While it's the best of times for Baltimore's haves, it's the worst of times in the crime-ridden neighborhoods of its have-nots


July 19, 1998|By Peter Hermann | Peter Hermann,police reporter for The Sun

The broad smile of the mayor greets the tiny, eager faces of the children. "It's Kurt," one shouts, rushing over to shake the hands of the city leader. The mayor chats for a moment. Poses for a picture.

Then he walks away and slowly shakes his head. The children are about 10 years old. They stand in front of a vacant rowhouse on a drug corner on Baltimore's east side. It's late. "It's 10:40 and they're still out," the mayor sighs.

It's July 9 and Mayor Kurt L. Schmoke is with his police officers, taking a tour of one of the most dangerous pockets of his city.

He is 13 blocks east of Mount Vernon, 20 blocks north of Fells Point. The giant video screen at the Inner Harbor's new ESPN Zone showing highlights of the Orioles' win doesn't matter here. Neither does the debate about whether the city's next luxury hotel should be built a mile east of the convention center or across the street from it.

Three weeks earlier, during a ride with Western District officers, Schmoke noted that Baltimore is "a tale of two cities."

On one hand, Baltimore's Inner Harbor has become a model for similar waterfront development around the country and the city got global attention for being a stop on the Whitbread Round the World Race. Now there are plans to spend more than $1 billion to rejuvenate blighted areas of downtown over the next decade.

But while it's the best of times for Baltimore's haves, it's the worst of times in the crime-ridden neighborhoods of its have-nots. Have-nots like the children Schmoke chatted with on a drug corner when they should have been home in bed.

Schmoke has been Baltimore's mayor for more than a decade. More than 3,100 people have been killed on his streets during his tenure. Most shot with handguns. Many of them children. It is indeed a tale of two cities.

Unwelcome tourists

On this July night, the mayor sits in the front seat of a patrol car talking about the need to prosecute suburbanites who visit Baltimore to feed their drug addictions, the tourists Baltimore doesn't want. The police arrest them. The courts let them go.

Just then Officer Darrell A. Merrick's police radio crackles to life, interrupting the chief executive. There's a group of drug dealers at 1900 N. Castle St. "They are preventing the children from playing," the dispatcher says.

The call sums up the city's social ills. Drug dealers thwarting children's efforts to play is one problem - the fact that the children are playing in the street late at night is another.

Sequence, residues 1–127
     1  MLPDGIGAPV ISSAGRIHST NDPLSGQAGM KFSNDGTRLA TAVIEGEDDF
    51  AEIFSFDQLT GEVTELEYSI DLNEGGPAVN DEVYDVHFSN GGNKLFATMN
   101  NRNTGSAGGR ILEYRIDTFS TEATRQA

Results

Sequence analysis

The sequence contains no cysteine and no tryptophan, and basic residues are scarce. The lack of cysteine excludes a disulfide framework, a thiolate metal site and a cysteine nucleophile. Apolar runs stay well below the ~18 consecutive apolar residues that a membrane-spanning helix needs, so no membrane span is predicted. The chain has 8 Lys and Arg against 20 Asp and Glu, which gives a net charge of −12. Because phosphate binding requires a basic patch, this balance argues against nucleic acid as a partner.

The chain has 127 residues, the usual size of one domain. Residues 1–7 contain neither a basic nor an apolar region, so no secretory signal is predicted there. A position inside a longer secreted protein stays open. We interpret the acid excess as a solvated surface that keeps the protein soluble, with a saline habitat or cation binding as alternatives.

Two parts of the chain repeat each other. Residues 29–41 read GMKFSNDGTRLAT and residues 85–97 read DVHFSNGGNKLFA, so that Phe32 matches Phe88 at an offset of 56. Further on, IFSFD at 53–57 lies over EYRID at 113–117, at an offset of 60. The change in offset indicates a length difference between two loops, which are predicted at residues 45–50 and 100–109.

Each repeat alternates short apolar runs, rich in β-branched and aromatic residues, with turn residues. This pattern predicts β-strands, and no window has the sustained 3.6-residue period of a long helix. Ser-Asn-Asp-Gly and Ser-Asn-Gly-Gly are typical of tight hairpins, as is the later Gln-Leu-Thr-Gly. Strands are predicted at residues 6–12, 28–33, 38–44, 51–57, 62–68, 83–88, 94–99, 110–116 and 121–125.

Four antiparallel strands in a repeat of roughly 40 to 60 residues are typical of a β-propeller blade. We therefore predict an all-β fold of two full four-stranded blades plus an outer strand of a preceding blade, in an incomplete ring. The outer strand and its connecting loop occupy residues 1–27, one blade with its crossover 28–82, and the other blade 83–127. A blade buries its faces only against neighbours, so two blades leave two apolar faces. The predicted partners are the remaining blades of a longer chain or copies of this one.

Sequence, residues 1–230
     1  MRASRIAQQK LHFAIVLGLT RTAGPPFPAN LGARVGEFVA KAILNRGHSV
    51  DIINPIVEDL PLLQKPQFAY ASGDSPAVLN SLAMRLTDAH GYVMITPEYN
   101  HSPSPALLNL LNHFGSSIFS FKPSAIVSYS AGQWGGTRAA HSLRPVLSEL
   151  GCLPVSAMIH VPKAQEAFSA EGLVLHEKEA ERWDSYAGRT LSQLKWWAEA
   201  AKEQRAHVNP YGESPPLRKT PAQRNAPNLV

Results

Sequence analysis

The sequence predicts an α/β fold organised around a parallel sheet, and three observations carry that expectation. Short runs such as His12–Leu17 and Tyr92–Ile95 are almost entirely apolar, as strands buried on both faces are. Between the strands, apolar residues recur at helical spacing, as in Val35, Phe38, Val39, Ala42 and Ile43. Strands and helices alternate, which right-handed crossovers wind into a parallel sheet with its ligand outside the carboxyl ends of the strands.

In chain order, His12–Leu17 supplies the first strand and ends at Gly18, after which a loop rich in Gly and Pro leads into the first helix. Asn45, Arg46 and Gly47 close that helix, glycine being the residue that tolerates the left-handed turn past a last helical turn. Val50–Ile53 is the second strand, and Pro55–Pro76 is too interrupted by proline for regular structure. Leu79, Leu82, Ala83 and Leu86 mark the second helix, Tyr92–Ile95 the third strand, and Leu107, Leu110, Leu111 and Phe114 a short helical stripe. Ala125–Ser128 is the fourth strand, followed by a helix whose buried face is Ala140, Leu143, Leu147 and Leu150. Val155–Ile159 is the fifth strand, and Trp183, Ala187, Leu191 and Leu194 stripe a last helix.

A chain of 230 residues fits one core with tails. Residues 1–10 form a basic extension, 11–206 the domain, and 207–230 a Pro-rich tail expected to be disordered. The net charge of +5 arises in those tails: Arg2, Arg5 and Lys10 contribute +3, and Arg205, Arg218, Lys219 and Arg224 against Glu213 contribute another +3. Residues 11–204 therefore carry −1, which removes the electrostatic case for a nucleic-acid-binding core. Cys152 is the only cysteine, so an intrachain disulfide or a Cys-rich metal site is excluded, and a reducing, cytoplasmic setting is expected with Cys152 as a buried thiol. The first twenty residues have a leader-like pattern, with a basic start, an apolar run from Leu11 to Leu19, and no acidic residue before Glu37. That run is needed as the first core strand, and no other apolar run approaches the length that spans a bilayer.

Seeing city life up close has had an impact on Schmoke, the Ivy League mayor whom critics have accused of lacking the common touch. The criticism was especially strong a few years ago, when the city had back-to-back record homicide years and Schmoke's detractors called on him to hit the streets and witness the carnage firsthand.

During Schmoke's Western District tour, he found himself standing over two teen-agers as they lay in the street with gunshot wounds in the back. The best friend of one of the wounded youths wandered up and asked the mayor, "So what y'all gonna do with that boy's cigarettes?" The mayor was shaken by the callous disregard for human life, not just from this man who saw the shooting as an opportunity to get a free smoke, but from a crowd that gathered to gawk, rather than to help.

It had become a game. You shoot someone and get away with it, you win. You get shot and die, you lose. The city comes to life by mocking death.

Schmoke's Eastern District tour got off to a slow start. Merrick apologized. "I can't get nothing for the mayor," he lamented to a colleague. Schmoke didn't mind the lack of activity. "A peaceful night in the Eastern? I call that a win," Schmoke says.

A while later, a call came in that peaked Schmoke's interest. A body had been found in a house on East North Avenue. "It's just a dead body," Merrick tells him. "Would you like to go sir?"

"Yeah," the mayor answers.

To a hardened officer, it's just another body, but it's a tragedy for a grieving family. It turns out that a 39-year-old woman died on a couch in her living room. Her young children thought she was asleep, and had watched television until 10 that night, when they tried to awaken her.

"They thought she was fine," a paramedic tells the mayor, who walks inside and comforts an older relative, the body covered by a white sheet just steps away. "You tried to shake her?" the mayor asks.

"Yep," the man answers. "And nothing happened."

There were no visible signs pointing to the cause of death, raising the specter of a drug overdose. But nobody could say for sure. It would take an autopsy to determine the cause.

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